The right to freedom of speech is not limited to those clever people who can express a perfectly informed and logical view (by who ever’s standards). That would disqualify most of us from the debate – with the exception, perhaps, of Judge Flemming of the Johannesburg High Court, the late lamented Dr Verwoerd and P W Botha.
In fact, if those eminent and powerful men are perfectly informed and perfectly logical in their analysis and interpretation of the facts, there is hardly need for debate at all. Which, on the question of Judge Flemming’s judgment in the case of Kerzner and others vs Allan Greenblo and another, is no doubt how he would prefer things to be.
One of the essential characteristics of democracy is the insight that in any society there are many different, imperfect and competing views of what the “truth” might be – there are even different views about what facts are relevant to forming such a view. All have a right to be heard. South Africa’s apartheid-era judges were not called upon – and still do not choose – to judge by the standards of democracy. If they had in the past, they might have been out of a job. If they did so today, they might – horrors – have to critically review their own past actions.
Under Apartheid – Judge Flemming hates that malicious phrase - judges were enforcement technicians in the service of a racial oligarchy where skin colour rather than merit was rewarded. Included in the package were laws that made the expression and propagation of certain contrary views, or criticism of various organs of State, a criminal offence. In the process of enforcing and then defending the morally indefensible for 50 years, they often re-interpreted the common law in a way which today is not only contrary to democratic values; it ignores logic.
Sol Kerzner and the Sun group of companies he founded have spent millions (which should otherwise have been paid in tax) on promoting their celebrity image and the “success” of their businesses. They were able to do so because of the huge profits they derived from their gambling empire: a business which is not only regarded by many as intrinsically questionable (see adjacent column) but, in the South African context, was based almost entirely on political dishonesty, immorality and financial deviousness. Most - not all - of what they did was probably lawful at the time.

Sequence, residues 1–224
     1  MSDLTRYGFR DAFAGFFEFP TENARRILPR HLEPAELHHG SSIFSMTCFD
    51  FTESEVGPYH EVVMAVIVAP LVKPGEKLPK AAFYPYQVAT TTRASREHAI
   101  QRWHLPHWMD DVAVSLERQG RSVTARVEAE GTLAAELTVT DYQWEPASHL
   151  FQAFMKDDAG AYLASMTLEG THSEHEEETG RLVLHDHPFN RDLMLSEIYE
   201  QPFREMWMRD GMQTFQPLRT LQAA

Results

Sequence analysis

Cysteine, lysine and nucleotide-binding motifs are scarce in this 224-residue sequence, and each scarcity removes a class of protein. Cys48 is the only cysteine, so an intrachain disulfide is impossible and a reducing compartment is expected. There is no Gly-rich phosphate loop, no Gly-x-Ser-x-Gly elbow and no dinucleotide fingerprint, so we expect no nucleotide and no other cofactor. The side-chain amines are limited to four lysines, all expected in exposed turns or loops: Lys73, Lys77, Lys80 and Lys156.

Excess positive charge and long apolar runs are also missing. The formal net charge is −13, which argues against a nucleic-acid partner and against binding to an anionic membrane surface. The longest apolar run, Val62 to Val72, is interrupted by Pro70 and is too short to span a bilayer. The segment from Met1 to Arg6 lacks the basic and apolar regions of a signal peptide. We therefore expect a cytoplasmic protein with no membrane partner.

The black “independent” (which they were not) “homelands” (which they frequently were not), were able to maintain the appearance of independence because those in real power had, aided significantly by Sol, devised a devious system to subsidise and promote them. They did so by, inter alia, allowing forms of business in these “black” areas (gambling, tax evasion, monopoly formation, bribery and corruption of the press and public officials, sale and display of pornography, etc.) that Presidents Botha and De Klerk vociferously claimed could not morally be tolerated in “white” South Africa. It was even, on occasion, referred to as “vice capital”. That is our – no doubt imperfect – interpretation of those facts that are known to us.
Now it is Judge Flemming's view - his order! - that citizens of the new, free South Africa may not publicly express or promote the view that Kerzner’s enterprise and the way he conducted his business was – and remains – unacceptable. You may not say anything which might damage their prospects for getting further casino licenses here or abroad – even if you happen passionately to believe that they should not get them. The reason? Sol's involvement in Bop was the sort of business that any lawyer or businessman in Judge Flemming’s acquaintance would do. To disagree with the judge is unlawful. And, when it comes to talking about the R2 million "consideration” Sol (or Sun) paid to George Matanzima in the 1980s, you must accept Sol’s latest assertion that he was not the perpetrator of a crime – he was the victim of extortion by big bad George! (See The Full Monty in this issue)
Judge Flemming not only demands judgment which is perfect by his standards; he demands saintliness of spirit too. We must, he has determined, accept the excuses of apartheid profiteers, not mention their past support of the National Party in ANC company, and, generally, we must let bygones be bygones and bury the past.
That Judge Flemming – and Sol – should be so lucky!
Kerzner Unauthorised is not perfect – sorry Allan, but consider the company you might otherwise find yourself in! noseweek has not been prohibited from publishing the material; we have merely been warned that we do so at our peril. What’s new? We’re not the Chippendales, ladies, but when it comes to Sol – when the circumstances are desperate enough – we go the full Monty. And to hell with Judge Flemming!
- The Editor
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